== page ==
Oil lamp Facts for Kids

Group of ancient lamps (Hellenistic and Roman)

Late in the 19th century, those lamps were mostly replaced bykerosenelamps.

Neolithic stone lamps in Thousand Lamp Museum in Qiandeng town of Kunshan

Sukunda oil lamp of Kathmandu Valley, Nepal

Early Islamic oil lamps (11th century), found in Southern Portugal

A Deepalakshmi oil lamp from Kumbakonam

Traditional Chinese shrine in Petaling Jaya,Malaysia, containing an oil lamp

Jewishterracottaoil lamps fromSardiniain the Mu搜索引擎优化 Nazionale Sanna, Sassari

Whale oil lamp of the 18th or 19th century. Iron with cotton wicker (Dithmarscher Landesmuseum Meldorf, Schleswig-Holstein, Germany)

is alampused for lighting by burningoil. Usually, it produces a flame by burningolive oil, or anothervegetable oil, orwhaleoil during the 1700s and 1800s. They burned cleaner, with less smoke, thancandlesand other sources of light beforeelectricity.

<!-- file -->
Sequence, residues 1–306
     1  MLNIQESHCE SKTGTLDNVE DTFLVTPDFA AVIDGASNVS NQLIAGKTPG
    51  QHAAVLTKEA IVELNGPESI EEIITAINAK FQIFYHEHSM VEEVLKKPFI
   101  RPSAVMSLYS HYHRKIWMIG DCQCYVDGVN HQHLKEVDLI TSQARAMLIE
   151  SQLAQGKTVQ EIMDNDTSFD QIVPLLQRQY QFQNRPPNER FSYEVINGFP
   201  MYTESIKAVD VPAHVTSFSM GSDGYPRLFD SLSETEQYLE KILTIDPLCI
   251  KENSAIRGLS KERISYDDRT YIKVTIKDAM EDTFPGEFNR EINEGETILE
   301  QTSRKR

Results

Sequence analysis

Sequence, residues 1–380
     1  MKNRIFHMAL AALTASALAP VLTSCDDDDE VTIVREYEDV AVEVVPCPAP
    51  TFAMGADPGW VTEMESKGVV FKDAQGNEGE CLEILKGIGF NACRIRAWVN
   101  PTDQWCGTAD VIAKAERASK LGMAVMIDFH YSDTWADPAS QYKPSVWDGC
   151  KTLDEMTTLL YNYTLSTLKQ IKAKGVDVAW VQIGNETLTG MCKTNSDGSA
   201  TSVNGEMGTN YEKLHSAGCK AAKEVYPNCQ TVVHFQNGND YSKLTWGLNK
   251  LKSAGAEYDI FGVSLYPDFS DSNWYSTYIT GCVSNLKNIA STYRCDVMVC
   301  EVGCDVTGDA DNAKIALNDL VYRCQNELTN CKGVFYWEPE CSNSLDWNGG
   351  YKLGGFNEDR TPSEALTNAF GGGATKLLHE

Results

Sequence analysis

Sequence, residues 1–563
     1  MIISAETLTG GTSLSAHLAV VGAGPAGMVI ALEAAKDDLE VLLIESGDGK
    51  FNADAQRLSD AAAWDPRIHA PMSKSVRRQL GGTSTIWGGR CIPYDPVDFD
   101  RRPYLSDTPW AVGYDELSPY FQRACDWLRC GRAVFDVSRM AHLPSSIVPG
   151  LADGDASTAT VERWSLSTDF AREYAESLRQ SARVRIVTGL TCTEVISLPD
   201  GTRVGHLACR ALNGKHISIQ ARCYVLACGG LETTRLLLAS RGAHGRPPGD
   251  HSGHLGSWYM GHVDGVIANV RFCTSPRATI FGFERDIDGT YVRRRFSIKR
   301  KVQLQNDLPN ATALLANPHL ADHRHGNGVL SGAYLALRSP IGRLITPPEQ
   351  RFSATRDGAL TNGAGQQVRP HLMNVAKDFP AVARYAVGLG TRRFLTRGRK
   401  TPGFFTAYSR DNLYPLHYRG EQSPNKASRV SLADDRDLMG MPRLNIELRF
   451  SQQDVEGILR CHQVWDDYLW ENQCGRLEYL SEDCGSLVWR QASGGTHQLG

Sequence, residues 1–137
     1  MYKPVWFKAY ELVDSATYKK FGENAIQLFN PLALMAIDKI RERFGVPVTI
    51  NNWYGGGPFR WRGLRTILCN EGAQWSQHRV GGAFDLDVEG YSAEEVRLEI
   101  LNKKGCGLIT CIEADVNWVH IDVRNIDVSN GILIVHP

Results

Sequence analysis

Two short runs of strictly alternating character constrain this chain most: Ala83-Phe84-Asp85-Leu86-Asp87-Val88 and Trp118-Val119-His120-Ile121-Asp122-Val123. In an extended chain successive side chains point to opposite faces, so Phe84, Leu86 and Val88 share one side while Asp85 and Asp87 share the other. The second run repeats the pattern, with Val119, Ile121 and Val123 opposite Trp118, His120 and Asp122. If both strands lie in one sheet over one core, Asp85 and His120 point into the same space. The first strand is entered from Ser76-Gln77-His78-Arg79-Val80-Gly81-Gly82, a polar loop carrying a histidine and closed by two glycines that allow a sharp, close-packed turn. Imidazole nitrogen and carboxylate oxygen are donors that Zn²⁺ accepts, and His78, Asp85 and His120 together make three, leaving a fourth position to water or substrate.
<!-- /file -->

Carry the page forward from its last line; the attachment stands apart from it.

Content is available underCC BY-SA 3.0unless otherwise noted. Kiddle encyclopedia articles are based on selected content and facts fromWikipedia, rewritten for children. Powered byMediaWiki.

Traditional Indian earthenware oil lamp or diya

The lamps were usually made ofpotteryor metal or glass. An old story in the1001 NightshasAladdincleaning (rubbing the lamp) and making aGenieappear.

All content fromKiddle encyclopediaarticles (including the article images and facts) can be freely used underAttribution-ShareAlikelicense, unless stated otherwise. Cite this article:

A basic earthen oil lamp used forDiwali

Simple contemporary Indian clay oil lamp duringdiwali

Blessing at a Durga puja celebration

Oil lamp burning before theiconof St. Mercurius of Smolensk, Kiev Pechersk Lavra,Ukraine

A terracotta oil lamp of the Roman Imperial era (replica)

Double-nozzledterracottaoil lamp found in Samaria

Paavai vilakku: anthropomorphic brass oil lamp from Tamil Nadu

Leave a Reply